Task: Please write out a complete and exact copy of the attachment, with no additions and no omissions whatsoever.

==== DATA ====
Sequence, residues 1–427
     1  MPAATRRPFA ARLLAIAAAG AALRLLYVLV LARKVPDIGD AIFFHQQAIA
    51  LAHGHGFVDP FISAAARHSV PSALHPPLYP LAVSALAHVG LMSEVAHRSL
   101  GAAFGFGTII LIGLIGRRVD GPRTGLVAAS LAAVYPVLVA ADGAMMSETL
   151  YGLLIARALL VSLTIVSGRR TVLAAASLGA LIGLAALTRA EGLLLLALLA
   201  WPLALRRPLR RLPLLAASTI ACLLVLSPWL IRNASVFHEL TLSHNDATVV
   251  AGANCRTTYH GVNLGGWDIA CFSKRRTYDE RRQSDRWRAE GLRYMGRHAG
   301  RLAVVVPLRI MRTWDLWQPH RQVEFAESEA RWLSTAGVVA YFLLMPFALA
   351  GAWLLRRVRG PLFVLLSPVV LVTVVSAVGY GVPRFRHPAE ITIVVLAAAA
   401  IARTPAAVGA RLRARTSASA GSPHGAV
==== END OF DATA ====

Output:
Sequence, residues 1–427
     1  MPAATRRPFA ARLLAIAAAG AALRLLYVLV LARKVPDIGD AIFFHQQAIA
    51  LAHGHGFVDP FISAAARHSV PSALHPPLYP LAVSALAHVG LMSEVAHRSL
   101  GAAFGFGTII LIGLIGRRVD GPRTGLVAAS LAAVYPVLVA ADGAMMSETL
   151  YGLLIARALL VSLTIVSGRR TVLAAASLGA LIGLAALTRA EGLLLLALLA
   201  WPLALRRPLR RLPLLAASTI ACLLVLSPWL IRNASVFHEL TLSHNDATVV
   251  AGANCRTTYH GVNLGGWDIA CFSKRRTYDE RRQSDRWRAE GLRYMGRHAG
   301  RLAVVVPLRI MRTWDLWQPH RQVEFAESEA RWLSTAGVVA YFLLMPFALA
   351  GAWLLRRVRG PLFVLLSPVV LVTVVSAVGY GVPRFRHPAE ITIVVLAAAA
   401  IARTPAAVGA RLRARTSASA GSPHGAV